Increasing speed, coordination and power

Although I am now in my 50s, I am moving better than I did when I was a teenager. I continue to achieve higher and higher maximum RPMs when sprinting on my stationary bike, for example. This isn’t because I am in better shape, but because my daily somatic practice is resulting in less and less habituated muscle tension. Some tightness in my hip flexors in particular were preventing me from achieving my potential maximum speed.

Most of us have muscles that remain contracted even when we don’t need them, which means our movements are like driving a car with the emergency brake on. This results in slower and less coordinated movements. Even at an early age many people develop tension in muscles such as hip flexors, as a result of so much time spent sitting, as well as constant triggering of stress reflexes. When you watch some of the fastest sprinters in history, such as Usain Bolt, Noah Lyles and Sydney Mclaughlin-Levrone, notice how relaxed they look, even as they are smoothly contracting and releasing muscles. Also notice how much range of motion they have, and imagine how much slower they would be if they moved like most of us do after eight hours of sitting!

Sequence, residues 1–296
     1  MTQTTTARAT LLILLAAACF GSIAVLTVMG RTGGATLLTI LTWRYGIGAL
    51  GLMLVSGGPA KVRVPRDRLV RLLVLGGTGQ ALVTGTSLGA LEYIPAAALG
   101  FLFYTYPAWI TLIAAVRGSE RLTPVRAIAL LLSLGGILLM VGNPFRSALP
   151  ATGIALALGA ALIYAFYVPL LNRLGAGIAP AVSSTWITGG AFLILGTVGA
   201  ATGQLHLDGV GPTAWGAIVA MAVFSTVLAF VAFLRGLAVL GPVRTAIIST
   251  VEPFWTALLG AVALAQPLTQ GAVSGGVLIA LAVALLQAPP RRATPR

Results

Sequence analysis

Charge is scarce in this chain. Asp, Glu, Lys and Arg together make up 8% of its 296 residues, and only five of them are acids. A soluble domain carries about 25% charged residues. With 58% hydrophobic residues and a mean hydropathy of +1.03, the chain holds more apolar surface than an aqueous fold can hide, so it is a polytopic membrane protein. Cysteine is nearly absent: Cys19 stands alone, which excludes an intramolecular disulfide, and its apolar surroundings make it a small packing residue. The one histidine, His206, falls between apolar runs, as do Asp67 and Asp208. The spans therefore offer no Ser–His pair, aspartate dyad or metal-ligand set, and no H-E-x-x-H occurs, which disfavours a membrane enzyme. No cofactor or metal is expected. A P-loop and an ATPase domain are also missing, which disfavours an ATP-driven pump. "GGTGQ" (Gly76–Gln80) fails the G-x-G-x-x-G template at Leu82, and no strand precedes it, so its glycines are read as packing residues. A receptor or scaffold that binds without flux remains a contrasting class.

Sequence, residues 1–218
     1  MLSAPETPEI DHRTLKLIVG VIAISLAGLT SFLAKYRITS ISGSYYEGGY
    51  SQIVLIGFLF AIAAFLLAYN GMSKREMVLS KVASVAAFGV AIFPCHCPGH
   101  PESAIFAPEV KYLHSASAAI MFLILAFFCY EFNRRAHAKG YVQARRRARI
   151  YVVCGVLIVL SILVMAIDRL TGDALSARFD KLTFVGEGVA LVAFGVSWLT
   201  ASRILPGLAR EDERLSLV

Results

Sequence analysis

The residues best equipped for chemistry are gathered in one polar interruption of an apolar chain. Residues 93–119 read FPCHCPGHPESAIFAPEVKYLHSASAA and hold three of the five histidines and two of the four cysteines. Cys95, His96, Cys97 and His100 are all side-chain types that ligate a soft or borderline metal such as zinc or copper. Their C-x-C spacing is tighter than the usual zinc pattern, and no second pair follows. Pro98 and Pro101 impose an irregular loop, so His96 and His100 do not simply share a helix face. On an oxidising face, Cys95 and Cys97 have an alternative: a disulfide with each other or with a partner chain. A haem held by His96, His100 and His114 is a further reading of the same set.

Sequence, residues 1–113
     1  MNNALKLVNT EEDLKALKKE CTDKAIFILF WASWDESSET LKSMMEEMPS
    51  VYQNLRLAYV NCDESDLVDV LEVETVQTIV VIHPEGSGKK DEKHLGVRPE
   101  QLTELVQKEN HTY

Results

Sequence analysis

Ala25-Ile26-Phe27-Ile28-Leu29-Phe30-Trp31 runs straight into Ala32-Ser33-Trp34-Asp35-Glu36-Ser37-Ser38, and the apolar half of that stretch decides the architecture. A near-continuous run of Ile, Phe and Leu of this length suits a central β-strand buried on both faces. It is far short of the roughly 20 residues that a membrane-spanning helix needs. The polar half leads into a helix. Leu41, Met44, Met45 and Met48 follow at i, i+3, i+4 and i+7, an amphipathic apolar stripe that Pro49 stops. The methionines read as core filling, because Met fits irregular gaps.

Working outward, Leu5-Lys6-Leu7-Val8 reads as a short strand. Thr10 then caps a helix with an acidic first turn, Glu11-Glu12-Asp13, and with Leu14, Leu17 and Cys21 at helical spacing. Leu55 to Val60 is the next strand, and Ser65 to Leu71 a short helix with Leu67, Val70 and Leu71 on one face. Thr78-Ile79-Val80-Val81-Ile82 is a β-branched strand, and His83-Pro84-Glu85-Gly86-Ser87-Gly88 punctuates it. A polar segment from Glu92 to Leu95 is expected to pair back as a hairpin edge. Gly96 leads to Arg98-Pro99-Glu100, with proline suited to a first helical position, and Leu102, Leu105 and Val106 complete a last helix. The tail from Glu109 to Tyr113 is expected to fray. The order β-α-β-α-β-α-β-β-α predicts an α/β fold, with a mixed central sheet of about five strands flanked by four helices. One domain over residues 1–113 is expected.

Muscle tension also affects accuracy and power, as it prevents you from smoothly following through with your intended movements.

Try this: take a baseline measurement of your favorite activities, such as the average distance that you drive a golf ball, or the average number of shots made with a basketball from the free throw line. Then practice somatic movements daily for a few weeks. Reinforce the changes that you make with some standing somatic movements just before repeating your measurement. I suspect that your numbers will improve noticeably, even without trying to change anything else.